“It’s not at all the same. Retired people are free. They can move, mix with others, travel.”
He leaned forward and I caught a whiff of his icy breath.
“And they can still commit sins,” he added with delight.
He then sat back up, looking glum again.
“As strange as it might seem given the life that I lived, they sent me to heaven. Because of ‘The Power and the Glory.’ That’s not the only misunderstanding that book gave rise to.”
“The result, in any case, is that I’m surrounded by admirable people,” he exclaimed with a touch of humor, “veritable saints.
Can you imagine: Most of them deserve to be there. All their lives, they were nice, polite, generous, temperate, devoted. They never said a bad thing about anyone. Can you imagine what it’s like to spend all your time with people like that? Especially me, who was always horrified by innocent people!”
I could see that he was looking for something to calm himself. He was eyeing a little package of chocolates that the staff had placed on the table just like every night.
Before I could answer, he had opened the package and slipped two pieces into his mouth.
“I can’t tell you much more about what goes on up there,” he then said soberly.
He’s keeping that information for the MI6, I thought, meanly. Even dead, an Englishman remains an Englishman.
“After all,” he sighed, “they are decent people. The organizers, I mean. They do what they can to keep us happy, despite it all.
They realize that I’m unhappy, but unfortunately they don’t have what I’m missing. Such things are too… terrestrial.”
Day was beginning to break on the other side of the blinds.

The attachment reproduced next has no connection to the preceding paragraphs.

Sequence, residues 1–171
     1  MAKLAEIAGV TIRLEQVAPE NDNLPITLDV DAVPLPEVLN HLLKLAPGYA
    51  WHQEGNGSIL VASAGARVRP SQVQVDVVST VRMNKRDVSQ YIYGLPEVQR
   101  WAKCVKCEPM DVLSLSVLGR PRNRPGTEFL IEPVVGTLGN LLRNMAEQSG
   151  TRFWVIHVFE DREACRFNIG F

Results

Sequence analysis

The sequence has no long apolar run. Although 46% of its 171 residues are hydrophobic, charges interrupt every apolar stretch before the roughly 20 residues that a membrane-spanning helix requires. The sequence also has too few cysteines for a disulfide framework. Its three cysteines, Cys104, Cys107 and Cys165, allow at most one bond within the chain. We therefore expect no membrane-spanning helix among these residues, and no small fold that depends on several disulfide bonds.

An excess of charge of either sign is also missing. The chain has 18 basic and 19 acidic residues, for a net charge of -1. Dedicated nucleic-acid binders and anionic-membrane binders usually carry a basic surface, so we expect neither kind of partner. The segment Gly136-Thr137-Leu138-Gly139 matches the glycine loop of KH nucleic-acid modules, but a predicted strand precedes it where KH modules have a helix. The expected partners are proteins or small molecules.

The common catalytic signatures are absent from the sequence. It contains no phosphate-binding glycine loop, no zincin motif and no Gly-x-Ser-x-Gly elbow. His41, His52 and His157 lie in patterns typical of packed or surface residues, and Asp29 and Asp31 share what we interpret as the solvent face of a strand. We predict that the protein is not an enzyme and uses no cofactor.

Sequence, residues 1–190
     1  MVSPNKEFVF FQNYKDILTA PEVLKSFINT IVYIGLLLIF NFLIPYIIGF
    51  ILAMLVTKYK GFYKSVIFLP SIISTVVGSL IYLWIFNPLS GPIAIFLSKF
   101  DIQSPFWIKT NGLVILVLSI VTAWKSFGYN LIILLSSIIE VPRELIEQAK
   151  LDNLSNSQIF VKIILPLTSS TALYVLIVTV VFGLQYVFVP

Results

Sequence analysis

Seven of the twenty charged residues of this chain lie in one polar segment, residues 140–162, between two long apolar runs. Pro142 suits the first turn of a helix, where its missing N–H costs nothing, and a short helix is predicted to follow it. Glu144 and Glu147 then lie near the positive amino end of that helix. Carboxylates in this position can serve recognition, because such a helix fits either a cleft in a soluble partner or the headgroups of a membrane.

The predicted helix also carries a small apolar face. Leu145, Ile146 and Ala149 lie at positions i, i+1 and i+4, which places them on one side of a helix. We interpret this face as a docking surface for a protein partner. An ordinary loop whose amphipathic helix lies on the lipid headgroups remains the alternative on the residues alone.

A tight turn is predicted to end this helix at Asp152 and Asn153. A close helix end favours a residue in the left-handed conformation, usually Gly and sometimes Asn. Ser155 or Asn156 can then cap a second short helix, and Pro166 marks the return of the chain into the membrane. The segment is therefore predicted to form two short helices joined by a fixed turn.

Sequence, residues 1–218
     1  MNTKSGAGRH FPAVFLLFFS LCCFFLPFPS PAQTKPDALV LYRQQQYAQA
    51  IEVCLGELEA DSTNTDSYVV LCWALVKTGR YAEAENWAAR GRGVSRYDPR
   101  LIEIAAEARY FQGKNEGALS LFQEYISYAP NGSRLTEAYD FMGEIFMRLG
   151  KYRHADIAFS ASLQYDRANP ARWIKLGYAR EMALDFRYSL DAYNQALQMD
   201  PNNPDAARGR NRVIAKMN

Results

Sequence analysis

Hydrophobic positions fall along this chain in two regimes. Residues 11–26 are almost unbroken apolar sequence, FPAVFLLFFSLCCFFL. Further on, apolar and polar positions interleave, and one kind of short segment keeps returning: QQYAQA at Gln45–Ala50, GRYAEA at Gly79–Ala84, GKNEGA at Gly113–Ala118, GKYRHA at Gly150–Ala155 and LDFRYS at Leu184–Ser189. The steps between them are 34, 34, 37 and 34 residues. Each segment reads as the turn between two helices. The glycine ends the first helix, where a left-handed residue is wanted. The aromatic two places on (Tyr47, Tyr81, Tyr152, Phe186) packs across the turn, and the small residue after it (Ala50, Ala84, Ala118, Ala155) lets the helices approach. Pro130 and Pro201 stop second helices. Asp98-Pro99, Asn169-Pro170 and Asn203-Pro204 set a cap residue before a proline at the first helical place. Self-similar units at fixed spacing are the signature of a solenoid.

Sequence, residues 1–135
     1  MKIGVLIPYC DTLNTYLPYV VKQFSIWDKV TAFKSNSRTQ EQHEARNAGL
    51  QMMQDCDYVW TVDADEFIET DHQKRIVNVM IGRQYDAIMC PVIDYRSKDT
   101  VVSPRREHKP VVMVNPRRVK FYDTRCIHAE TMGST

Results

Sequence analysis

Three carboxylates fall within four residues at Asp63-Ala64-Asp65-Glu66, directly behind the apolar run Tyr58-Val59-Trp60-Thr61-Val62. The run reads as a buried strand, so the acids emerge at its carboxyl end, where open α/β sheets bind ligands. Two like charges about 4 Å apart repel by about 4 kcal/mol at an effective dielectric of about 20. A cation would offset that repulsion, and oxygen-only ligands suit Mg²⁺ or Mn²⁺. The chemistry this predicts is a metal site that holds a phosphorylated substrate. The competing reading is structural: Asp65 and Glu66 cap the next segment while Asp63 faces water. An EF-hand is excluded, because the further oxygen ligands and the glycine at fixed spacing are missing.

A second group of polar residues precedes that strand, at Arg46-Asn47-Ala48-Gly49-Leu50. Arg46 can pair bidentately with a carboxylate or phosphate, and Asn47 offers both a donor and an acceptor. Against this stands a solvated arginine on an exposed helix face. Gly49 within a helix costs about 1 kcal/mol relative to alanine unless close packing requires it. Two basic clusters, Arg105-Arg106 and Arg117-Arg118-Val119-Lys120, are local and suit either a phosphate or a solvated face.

Despite the double-glazing, we could hear the faint sound of car horns.
“So they decided to give me a leave. Every 20 years. I know, 1991, it should have been last year. But you know how bureaucracy is…”
“Did you choose to come here?”
“Yes, and, believe me, it wasn’t easy to decide. I knew so many countries in my life. Black Africa, Latin America, the Arab world, the whole Europe… I had time to recall them all in detail. And finally I came to the conclusion that none of those places, despite their qualities and charm, were indispensable for me. Or, I might say, essential.”
“Exactly! When I really thought about it, as I sat there amid all those bridge players, those matronly patrons and altruistic pastors, I decided that for me, the true heaven was the Far East.”
“And why here in particular?”
“It was a difficult choice. But there is something different about Vietnam. It’s a country that has everything: refinement and cruelty, intelligence and resignation, excrement and perfume, perversity and naïveté, rabid determination, like Ho Chi Minh, for example, and total passivity, like the rickshaw drivers.”
“There aren’t any more rickshaw drivers, except for the ones who chauffeur the tourists.”
“Ah!” he exclaimed dreamily. “That’s possible. I wouldn’t know. I came straight here.”
“And why did you choose Hanoi? You had spent more time in Saigon.”
“I lived in Saigon by default: because of the war, in ’51, Tonkin was the soldiers’ playground. The press was brought safely in under guard. And you know that I was viewed as a spy.”